>>Korea – North Korea test-fired a battery of short-range missiles today in further defiance of the new South Korean president’s reprimand on human rights and non-proliferation. The show of force follows the expulsion of 11 South Korean officials from a jointly run factory complex in Kaesong.

>>Iraq – Iraq’s government has extended their deadline for Shia militias to lay down their arms by 10 days as the assault by government forces in Basra has begun to stall.

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Enjoy an Egg McMuffin with your Morning Coffee today in honor of its inventor, Herb Peterson, who died today at age 89.

Starting 5

>>Zimbabwe – Zimbabwe’s hotly contested presidential election will be held tomorrow. Opposition leaders have repeatedly stated that 84-year-old President Mugabe, who has held power for 28 years, is again undermining the election. They claim to have already discovered 90,000 suspicious names on voting rolls. Yesterday he handed out 450 cars to doctors at government-run hospitals. Security forces are on high alert amid warnings by the opposition that they will carry out Kenya-style protests if they feel the election is rigged. The Times reports on the millions of Zimbabwean refugees living in South Africa, some of which may decide to return pending the results of tomorrow’s election.

>>Tibet – Yesterday monks in Lhasa interrupted a carefully orchestrated press trip
by the Chinese government at the Jokhang Temple. The group of 30 to 40 monks wept
and shouted at Chinese authorities and spent 15 minutes with reporters
rebutting what they said were Chinese lies about the recent unrest. The
Chinese government announced that the monks won’t be punished.

>>Colombia – Colombia is offering to suspend the sentences of jailed FARC guerillas if FARC, in turn, frees Ingrid Betancourt, along with other hostages. Betancourt, a former senator and presidential candidate who has spent six years in captivity, is feared to be ill, suffering from Hepatitis B and Lesmaniasis.

>>Korea – North Korea test-fired a battery of short-range missiles today in further defiance of the new South Korean president’s reprimand on human rights and non-proliferation. The show of force follows the expulsion of 11 South Korean officials from a jointly run factory complex in Kaesong.

>>Iraq – Iraq’s government has extended their deadline for Shia militias to lay down their arms by 10 days as the assault by government forces in Basra has begun to stall.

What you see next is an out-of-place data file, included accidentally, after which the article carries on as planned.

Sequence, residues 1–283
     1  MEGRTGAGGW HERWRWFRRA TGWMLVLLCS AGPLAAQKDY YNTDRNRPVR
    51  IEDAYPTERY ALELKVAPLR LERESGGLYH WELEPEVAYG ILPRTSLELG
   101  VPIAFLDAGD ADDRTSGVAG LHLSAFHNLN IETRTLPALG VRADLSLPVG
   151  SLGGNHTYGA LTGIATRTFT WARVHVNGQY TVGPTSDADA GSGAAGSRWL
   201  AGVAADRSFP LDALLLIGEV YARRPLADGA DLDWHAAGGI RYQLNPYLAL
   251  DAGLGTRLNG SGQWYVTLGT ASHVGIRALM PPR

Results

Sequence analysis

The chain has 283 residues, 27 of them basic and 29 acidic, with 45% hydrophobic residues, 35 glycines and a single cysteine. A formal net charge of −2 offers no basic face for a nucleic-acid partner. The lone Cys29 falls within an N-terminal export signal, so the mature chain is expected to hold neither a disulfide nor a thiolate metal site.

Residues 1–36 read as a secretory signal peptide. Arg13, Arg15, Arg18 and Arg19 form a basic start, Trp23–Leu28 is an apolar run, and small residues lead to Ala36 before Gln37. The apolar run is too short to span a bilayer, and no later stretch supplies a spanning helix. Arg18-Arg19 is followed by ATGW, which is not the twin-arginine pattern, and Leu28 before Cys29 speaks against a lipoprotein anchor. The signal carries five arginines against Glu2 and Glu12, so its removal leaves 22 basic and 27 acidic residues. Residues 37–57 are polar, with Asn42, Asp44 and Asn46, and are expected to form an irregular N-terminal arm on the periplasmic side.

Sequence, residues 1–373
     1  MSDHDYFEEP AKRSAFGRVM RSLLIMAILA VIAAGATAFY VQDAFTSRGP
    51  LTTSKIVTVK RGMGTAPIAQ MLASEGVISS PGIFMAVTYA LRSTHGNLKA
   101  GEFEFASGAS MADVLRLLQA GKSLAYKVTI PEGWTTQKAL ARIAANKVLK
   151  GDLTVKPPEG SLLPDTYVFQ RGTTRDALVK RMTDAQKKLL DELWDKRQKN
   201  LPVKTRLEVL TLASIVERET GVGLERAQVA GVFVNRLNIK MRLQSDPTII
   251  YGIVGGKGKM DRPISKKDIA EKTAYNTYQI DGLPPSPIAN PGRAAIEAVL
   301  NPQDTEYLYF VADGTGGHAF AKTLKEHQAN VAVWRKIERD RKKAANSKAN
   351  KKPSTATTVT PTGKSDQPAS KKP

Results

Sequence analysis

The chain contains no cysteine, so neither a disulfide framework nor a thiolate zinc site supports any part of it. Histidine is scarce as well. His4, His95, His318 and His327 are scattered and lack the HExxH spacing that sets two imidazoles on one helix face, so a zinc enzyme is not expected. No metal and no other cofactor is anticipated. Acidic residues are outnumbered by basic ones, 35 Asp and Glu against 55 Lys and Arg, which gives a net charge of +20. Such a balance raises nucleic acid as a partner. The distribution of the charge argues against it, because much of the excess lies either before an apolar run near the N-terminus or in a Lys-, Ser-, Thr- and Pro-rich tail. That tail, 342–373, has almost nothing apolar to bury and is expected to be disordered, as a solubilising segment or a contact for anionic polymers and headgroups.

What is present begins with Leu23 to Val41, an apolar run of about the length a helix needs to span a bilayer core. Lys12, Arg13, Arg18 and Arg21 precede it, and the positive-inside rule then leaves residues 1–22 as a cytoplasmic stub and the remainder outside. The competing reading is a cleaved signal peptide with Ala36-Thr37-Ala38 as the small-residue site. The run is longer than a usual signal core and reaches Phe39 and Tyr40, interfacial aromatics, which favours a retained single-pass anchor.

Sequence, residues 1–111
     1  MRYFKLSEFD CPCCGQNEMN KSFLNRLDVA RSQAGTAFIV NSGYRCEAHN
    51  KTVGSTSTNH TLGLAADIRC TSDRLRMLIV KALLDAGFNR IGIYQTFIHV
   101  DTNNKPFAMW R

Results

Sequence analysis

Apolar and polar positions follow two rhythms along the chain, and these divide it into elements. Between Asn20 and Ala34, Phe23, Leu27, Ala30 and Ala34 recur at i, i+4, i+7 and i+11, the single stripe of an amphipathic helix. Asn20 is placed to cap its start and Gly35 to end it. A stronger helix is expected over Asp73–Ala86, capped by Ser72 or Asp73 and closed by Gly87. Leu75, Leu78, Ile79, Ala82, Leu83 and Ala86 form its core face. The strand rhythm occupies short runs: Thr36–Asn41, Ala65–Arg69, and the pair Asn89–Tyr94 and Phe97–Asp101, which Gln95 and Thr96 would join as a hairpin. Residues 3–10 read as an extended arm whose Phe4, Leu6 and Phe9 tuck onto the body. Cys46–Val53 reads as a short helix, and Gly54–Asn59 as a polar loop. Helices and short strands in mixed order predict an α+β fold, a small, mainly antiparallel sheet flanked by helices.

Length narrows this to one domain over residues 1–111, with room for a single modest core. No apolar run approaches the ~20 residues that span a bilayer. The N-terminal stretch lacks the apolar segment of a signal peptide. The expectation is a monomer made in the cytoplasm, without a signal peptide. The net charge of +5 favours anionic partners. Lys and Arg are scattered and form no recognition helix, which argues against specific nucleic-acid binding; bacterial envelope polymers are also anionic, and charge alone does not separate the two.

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>>Tibet – Ongoing protests surrounding the anniversary of the 1959 uprising that led to the flight of the Dalai Lama continue to grow. Yesterday, hundreds of monks took to the streets in Lhasa in the largest demonstrations against Chinese rule in over two decades. Chinese authorities responded by locking down the three largest monasteries. At least two monks in those monasteries attempted suicide by stabbing themselves. Others are on hunger strike. Today, protesters have set fire to police cars and shops. Mount Everest has been closed in hopes that protestors won’t spoil the planned Olympic torch assent.

>>Iran – Iran’s general election is under way. Conservatives are expected to do well, as everyone else has been barred from running. Iranian authorities are countering expected lackluster participation by entreating citizens to vote as a sign of defiance of the U.S. and other enemies of Iran.

>>Pakistan – The last corruption charge (the ‘BMW case’) and impediment to Asif Ali Zardari’s ability to seek public office was dropped today.

Quote of the Day

“Concern over climbing activities, crowded climbing routes and increasing environmental pressures will cause potential safety problems in Qomalangma areas. We are not able to accept your expedition, so please postpone your climbing.”
A letter to expedition companies from the China Tibet Mountaineering Association announcing the closing of Mt. Everest.

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An 8-year-old Brazilian who passed a law school entrance exam has been blocked from enrolling becasuse they think he should finish elementary school first.

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>>Jerusalem – At least one gunman entered the Merkaz Harav seminary in Jerusalem on Thursday and fired 500 to 600 bullets, killing eight and endangering a fragile lull in the violence and the possibility of the resumption of peace talks between Israeli and Palestinian leaders. Israel has said that it will not break off talks.